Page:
What does all that mean? One, it means there is the opportunity for fraud. If we look at fraud as: “means, motive, and opportunity” – the opportunity is very high at George Risk. There is no motive. In fact, for purely selfish reasons – the Risk family would be better off if the stock traded cheaply year after year. Then they could pay a high premium to take it private. And still get a bargain.
I’m not saying they would do this. Just like I’m not saying you’d kill your spouse for life insurance. I’m just saying you wouldn’t kill your spouse for life insurance if there was no policy. In this case, there was no policy. A higher stock price does nothing for the majority owner of an illiquid micro cap. A lower stock price gives you the option of buying out the minority shareholders.
Control owners can make money in different ways than passive owners. If I buy shares of George Risk, I will tend to think about the stock price rising in the market. This is a bit of a mistake.
The reality is that someone owns 58% of the company. Someone who can either sell his 58% or buy the other 42%. Don’t ignore that. You can get paid other ways. You don’t have to sell your shares in the open market. You can just hold them and see what happens.
I’ve tended to make a lot of money in buyouts. Looking back, I can see that my portfolio has turned over about 20% a year on corporate events. If I never sold a share of stock in the open market – I’d still need to replenish my portfolio about once every 5 years.
I mention this because it drives how you study a stock. When I look at a stock like this – I look at management. I look at how cash might get used. And how the company might get sold. Or how the family might buy out the minority shareholders.
Why would they do that? Because being public is a hassle. And it gets them nothing. It actually gets them less than nothing. Day after day they see the company they own trade for less than it is worth. They get an insulting quote. At times, Mr. Market was offering less than cash for this consistently profitable company.
So I checked the history of share buybacks. And they were there. The company bought back a little stock every year. Not much. It was an illiquid stock. They mentioned in the 10-K that they had found shareholders who had become inactive – they may have even forgot they owned the stock – when dividends were paid on the shares. And some of those shareholders sold to the company.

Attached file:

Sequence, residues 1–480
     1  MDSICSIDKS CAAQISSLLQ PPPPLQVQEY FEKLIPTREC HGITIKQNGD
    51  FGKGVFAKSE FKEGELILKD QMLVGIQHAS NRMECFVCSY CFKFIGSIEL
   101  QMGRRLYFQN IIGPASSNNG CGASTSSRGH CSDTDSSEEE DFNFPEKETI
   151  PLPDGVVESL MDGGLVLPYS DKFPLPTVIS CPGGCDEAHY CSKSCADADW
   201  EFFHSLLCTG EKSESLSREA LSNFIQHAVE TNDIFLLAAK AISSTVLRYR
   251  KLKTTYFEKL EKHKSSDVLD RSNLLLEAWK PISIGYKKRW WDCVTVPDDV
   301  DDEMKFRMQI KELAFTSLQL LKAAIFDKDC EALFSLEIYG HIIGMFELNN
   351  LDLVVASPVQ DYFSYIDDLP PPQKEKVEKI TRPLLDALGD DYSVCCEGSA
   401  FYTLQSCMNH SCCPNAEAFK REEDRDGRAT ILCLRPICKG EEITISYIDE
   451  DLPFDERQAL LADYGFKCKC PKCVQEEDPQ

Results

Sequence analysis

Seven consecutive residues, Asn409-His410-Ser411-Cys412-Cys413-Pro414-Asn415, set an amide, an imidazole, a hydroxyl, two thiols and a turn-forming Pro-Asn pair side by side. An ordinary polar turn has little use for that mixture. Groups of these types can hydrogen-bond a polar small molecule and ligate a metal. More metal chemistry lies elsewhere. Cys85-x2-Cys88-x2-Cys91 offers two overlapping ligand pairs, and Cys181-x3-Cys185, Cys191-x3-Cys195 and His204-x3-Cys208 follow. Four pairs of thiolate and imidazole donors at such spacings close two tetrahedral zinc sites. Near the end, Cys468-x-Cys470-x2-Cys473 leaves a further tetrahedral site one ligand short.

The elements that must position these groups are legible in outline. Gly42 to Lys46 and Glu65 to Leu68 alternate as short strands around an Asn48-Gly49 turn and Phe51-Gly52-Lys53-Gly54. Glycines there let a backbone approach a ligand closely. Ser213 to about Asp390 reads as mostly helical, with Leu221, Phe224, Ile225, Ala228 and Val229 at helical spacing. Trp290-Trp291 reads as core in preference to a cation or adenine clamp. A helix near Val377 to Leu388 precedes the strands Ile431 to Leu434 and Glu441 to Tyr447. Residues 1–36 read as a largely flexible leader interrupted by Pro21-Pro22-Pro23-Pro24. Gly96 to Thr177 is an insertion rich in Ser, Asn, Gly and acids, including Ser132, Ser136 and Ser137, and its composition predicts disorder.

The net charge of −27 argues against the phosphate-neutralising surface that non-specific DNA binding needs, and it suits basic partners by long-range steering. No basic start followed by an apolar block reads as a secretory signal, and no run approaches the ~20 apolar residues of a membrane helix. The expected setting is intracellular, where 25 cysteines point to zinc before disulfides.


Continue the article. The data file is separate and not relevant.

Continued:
That was interesting. I also looked at information about how much the CEO and CFO – the family members – were paid. And related party transactions. And things like that. I felt they were paying themselves a lot less than they could be. And the CEO’s pay was tiny compared to his stock position.
That doesn’t mean your interests are aligned with the CEO’s. It just means the CEO thinks more like an owner than a manager. But he’s a control owner. And you’re not. He can wait. Because he can – once he decides to cash out – greatly increase the chance of getting a higher than market price within a couple years. You can’t. It takes time for price to adjust. Especially when there is no catalyst in sight. The CEO can make a catalyst. You can’t.
That’s the kind of stock I like to buy. It’s worth more than it sells for – but nobody knows how or when the market price will meet the intrinsic value. Basically, the sellers are paying you to wait.
I liked what I saw in the SEC reports. So I went and found an interview the CEO did. The interview was from a few years back. I think it was 2007. He said some interesting things about the company. He made it clear he thought the stock price was too low. That the company wasn’t get credit for both the cash and the operating business. But that acquisition prices – this was in the bubble years – were too high.
He also said some stuff about the business. He said they weren’t price competitive. But they did ship the product on time.
There were a couple sentences in there that got me interested in the business as a business – not as a cash pile. So I started looking into the business without thinking about the balance sheet. Just looking at it in terms of whether or not it was a high quality business.
I decided it was. And I decided that was my margin of safety. I started bidding for the stock right after that. I wasn’t too particular on price. I just wanted to keep my average cost right around the amount of cash per share. And that’s what I did.
It took me a couple months to get all the shares I wanted. I got most of my shares in a couple large trades. And I’ve held the stock ever since. It’s been a little over two years now.
So that’s George Risk. That’s an example of a quick gestation period. I basically just stole the idea from The Rational Walk and ran with it. Not much original thought on my part.
Let’s look at the other extreme. Let’s talk DreamWorks (DWA). DreamWorks is a stock I’ve studied for hundreds of hours – and haven’t bought. I’ve been looking at this stock very seriously for at least 18 months.
I went to see Kung Fu Panda 2 in theaters. That was purely because of my interest in this stock. I don’t have kids. And so I never see animated movies in theaters.
Like I said, I need to study customer behavior at any stock I buy. And this was an area I was really lacking in when it came to DreamWorks. So I had to go to theaters and watch the kids and their parents and everyone else there. I’ve done that for a couple DreamWorks movies now.